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Sporting News: playoff TV revenue could hit $5 billion

Money AP

Tomorrow, the BCS Presidential Oversight Committee will vote on a four-team playoff originally proposed by conference commissioners last week. Assuming there aren’t any curveballs — I like to mix sporting analogies from time to time — the four-team field will be composed of the “four best teams”, neutral sites will be incorporated into the bowl system and the championship game will be bid out to a neutral site.

The benefit of a four-team playoff — any college football playoff, really — is the seemingly limitless potential for TV revenue for America’s second-most popular sport.

Finally, there’s a reported number associated with said potential.

Per Matt Hayes of The Sporting News, and citing a BCS source, a four-team, three-game playoff could generate as much as $5 billion (pictured) over the life of its TV deal — said to be 10 years.¬†The exact number, Hayes reports, will be determined in part by how the games are sold. In other words, are semifinals and the championship game bundled together or sold¬†separately to bidding networks? How will prices adjust during look-ins? And so on.

The 2011 BCS contract raked in $174 million, so a four-team playoff has the potential to nearly triple that number annually.

It should be noted that a plus-one format will still be discussed by the Presidential Oversight Committee tomorrow, but if the projected revenue from a playoff is anything near what TSN is reporting, expect a plus-one conversation to end as quickly as it begins.

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9 Responses to “Sporting News: playoff TV revenue could hit $5 billion”
  1. tigersgeaux says: Jun 25, 2012 5:18 PM

    A $5 billion pie means alot for the teams in the playoff and with the SEC teams that will be there it means a share of this pie for all teams (same is true for some other sharing conferences).

    That should quell the scoffers and those who want to maintain status quo, that a playoff system will be a great draw of audience, both in person and on tv and radio. A playoff system for post-season major college football, will bring great new interest and much new revenue.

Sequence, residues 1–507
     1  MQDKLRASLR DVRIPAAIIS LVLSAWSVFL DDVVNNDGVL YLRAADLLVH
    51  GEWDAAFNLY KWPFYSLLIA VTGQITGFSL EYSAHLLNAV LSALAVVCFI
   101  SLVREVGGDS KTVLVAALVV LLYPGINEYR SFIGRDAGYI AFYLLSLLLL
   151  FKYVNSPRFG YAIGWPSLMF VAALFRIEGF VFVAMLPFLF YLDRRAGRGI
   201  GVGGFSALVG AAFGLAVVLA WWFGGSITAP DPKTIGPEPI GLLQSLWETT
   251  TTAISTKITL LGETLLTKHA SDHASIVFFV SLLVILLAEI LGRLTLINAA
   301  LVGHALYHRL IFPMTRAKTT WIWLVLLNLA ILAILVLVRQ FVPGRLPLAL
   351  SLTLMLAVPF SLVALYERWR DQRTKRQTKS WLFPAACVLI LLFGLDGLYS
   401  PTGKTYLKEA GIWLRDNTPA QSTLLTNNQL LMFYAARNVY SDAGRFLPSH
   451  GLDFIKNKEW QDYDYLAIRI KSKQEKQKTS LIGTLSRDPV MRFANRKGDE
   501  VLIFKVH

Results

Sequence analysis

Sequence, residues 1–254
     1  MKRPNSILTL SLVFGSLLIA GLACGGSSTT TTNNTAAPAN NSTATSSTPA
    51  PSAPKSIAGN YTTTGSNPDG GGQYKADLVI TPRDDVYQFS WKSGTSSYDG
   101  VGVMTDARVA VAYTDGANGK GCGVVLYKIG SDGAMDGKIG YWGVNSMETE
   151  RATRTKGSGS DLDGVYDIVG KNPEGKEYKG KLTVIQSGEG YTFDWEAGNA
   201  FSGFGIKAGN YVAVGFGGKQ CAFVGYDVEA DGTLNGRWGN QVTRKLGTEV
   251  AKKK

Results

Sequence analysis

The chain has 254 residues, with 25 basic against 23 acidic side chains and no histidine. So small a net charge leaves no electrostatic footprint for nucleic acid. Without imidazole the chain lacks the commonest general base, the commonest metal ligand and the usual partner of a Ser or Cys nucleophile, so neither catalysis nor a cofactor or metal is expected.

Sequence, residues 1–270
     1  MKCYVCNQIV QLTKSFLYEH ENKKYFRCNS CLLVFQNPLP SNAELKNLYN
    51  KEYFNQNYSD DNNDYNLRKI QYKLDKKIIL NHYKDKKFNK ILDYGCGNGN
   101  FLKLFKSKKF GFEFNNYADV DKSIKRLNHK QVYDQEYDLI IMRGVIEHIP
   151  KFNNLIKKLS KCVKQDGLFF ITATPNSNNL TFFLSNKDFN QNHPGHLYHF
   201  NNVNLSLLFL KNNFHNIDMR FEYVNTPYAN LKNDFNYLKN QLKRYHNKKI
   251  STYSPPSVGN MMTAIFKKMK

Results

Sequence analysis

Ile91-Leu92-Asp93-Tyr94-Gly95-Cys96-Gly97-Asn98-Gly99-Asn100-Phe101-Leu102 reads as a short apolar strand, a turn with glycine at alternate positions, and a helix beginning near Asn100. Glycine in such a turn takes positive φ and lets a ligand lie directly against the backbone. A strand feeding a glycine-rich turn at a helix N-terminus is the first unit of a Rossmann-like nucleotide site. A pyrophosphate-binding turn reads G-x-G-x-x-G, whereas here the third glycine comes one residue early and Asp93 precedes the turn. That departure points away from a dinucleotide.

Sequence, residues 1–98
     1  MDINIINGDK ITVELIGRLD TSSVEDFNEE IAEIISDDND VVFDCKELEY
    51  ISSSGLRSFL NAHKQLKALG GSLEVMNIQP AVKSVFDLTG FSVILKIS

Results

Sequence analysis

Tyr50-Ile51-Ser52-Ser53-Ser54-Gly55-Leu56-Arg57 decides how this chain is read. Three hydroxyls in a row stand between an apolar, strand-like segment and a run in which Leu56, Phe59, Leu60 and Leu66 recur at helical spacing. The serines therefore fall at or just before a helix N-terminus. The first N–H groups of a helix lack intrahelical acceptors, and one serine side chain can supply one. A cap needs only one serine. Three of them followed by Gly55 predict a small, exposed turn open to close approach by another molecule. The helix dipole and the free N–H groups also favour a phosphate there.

500 million dollars a year for a possible 10 year contract…quite an increase in funds…maybe somehow some kind of oversight can be held on participating teams that they would not bring 4,000 politicians and others along and not be required to purchase tens of thousands of tickets at inflated prices (as they often are by the bowls now)…well, there are many changes which are needed in post-season FBS football.

  2. baywatchboy says: Jun 25, 2012 6:48 PM

    That’s a bunch of money and I’m happy for the schools that are able to reap that. Hopefully they’ll use some of that money to help students and fans be able to afford to go to all these games all over the country. Oh wait, there won’t be any tickets for fans because they will all go to corporate donors.

  3. secucks says: Jun 25, 2012 7:12 PM

    Waiting to see the official announcement on what the commissioners have established to determine the “4-best-team” selection criteria. Given the nature of college football, attempting to make the outcome of a single game the conclusive means to identify the best college team is ridiculous. However if the $5B payout is fairly apportioned across all conferences this isn’t necessarily a bad thing.

    At this point I’ll hold my opinion on what may be forthcoming but if it ends up supporting all the same inequities that existed with the BCS it will take ten years to replace it with something else.

  4. huskerzfan says: Jun 25, 2012 8:08 PM

    @ tigersgeaux:

    A $5 billion pie means alot for the teams in the playoff and with the SEC teams that will be there it means a share of this pie for all teams (same is true for some other sharing conferences).


    The teams that actually participate in the Final Four won’t be raking home the entire $500 Million pot each year to their respective conferences.

    There are some models floating around, but it looks like the monies will be divied out to all conferences in some form or fashion.

    The most popular seem to be some kind of SOS ranking system for the current year, or some kind of cumulative Top 25 ranking system per conference, and then divided out based upon each conferences percentage or share of the pie.

  5. kurtrundell says: Jun 25, 2012 9:03 PM

    Can’t wait for the 7-minute TV timeouts …

  6. Deb says: Jun 25, 2012 10:11 PM

    You mean they’re only now beginning to attach hard numbers to the profit potential of real playoffs? They’re a little slow for folks in “higher education.”

  7. raylewis96 says: Jun 25, 2012 10:39 PM

    Is the most popular sport baseball?

  8. Deb says: Jun 25, 2012 10:56 PM

    @raylewis96 …

    The most popular sport is the NFL.

  9. fcmlefty1 says: Jun 26, 2012 9:56 AM

    I don’t think the total dollar amount was ever really in question. The future of FBS football will be decided by how this pie is divided, not by how big the pie actually is.

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